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Review – Doyle Duke’s Extended Vacation

extended vacation, doyle duke

extended vacation, doyle dukeExtended Vacation is a story of rage, bigotry, fear, suffering, perseverance, secrets and a friendship that is tested to the limits.

This tagline is not wrong. Books should challenge you and Doyle E. Duke’s Extended Vacation challenged me, upset me and rocked me to my very core. As an elderly man Sam Henson has lost his wife after she left him, has a homosexual son, and a daughter that swears she is helping him but is pretty much robbing him. Add to the melting pot his chronic health issues and bad attitude, and Sam is never in a good place. He rows with Karen his daughter about finances. She is adamant that she only buys what is needed for her father and fuel expenses for herself, but he knows her husband is a jobless writer and that she is taking him for a fool after he finds cheque stubs for nail treatments and the like. She is also disgusted at her father’s attitude towards, not only her and her family, but his only son Tom, who he hates for his sexual orientation.

After one final argument Sam puts his house up for sale, takes all his money out of the bank and decides he is going to take his motorhome on a road trip to Alaska. Here he will shoot himself as he fears a long and painful death. Along the way he meets Terri. Terri is a teenage black girl and Sam’s racism comes to the fore but there is something about this young girl that Sam can’t quite stay away from and they journey, albeit uncomfortably at first, together. As they travel Sam and Terri get to know each other and bits of their past affect the other. Sam’s endgame is planned out, but what is Terri’s big secret?

This was an astonishing read. The basic story is like most road trip related ones but the way Duke writes his characters is right on the knife edge of obscene and I ‘get’ them. Sam is a hostile old sod with some real issues especially when it comes to race and homosexuality, and reminded me an awful lot of my Grandad. Don’t get me wrong I loved my Grandad but as I grew older I could see the personality traits he had embedded in him and, whilst that particular generation couldn’t see the faults in themselves, I certainly could. As Sam softens during the novel you get to see a man that you believe was once lovely, before life dealt him too much for him to cope with, and the slight changes as the chapters progress are as heart-warming as the early encounters with Sam were horrendous.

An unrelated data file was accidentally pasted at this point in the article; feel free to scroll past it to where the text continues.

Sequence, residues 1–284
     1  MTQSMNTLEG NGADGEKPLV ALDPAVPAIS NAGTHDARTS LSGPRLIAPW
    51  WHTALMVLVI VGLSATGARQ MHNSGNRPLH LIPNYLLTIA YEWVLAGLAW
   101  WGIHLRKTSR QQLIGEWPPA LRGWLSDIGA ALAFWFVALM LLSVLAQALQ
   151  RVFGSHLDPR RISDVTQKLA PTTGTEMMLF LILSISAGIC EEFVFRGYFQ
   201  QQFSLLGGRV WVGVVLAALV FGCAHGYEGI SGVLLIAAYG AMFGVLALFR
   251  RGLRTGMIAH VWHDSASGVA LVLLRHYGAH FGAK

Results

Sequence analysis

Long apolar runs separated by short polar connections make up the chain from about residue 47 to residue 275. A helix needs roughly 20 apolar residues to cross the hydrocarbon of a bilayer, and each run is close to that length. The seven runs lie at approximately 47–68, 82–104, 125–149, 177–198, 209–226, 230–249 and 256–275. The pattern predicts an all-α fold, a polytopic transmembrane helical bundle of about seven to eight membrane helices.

Doyle E. Duke has opened a window into a world that too many of us pretends is more perfect than it actually is, and the challenge of our views from our ivory towers is hard to take at times. To enjoy Extended Vacation, which I really did, you need to try and shut the morality part of your brain and journey as Sam does until you get to a place more in keeping with emotional wellbeing. You need a strong stomach, an ability to see past the obvious, and you will be stunned by how well written the book actually is.

A quite harrowing but brilliant story.

**** 4 Stars!!!


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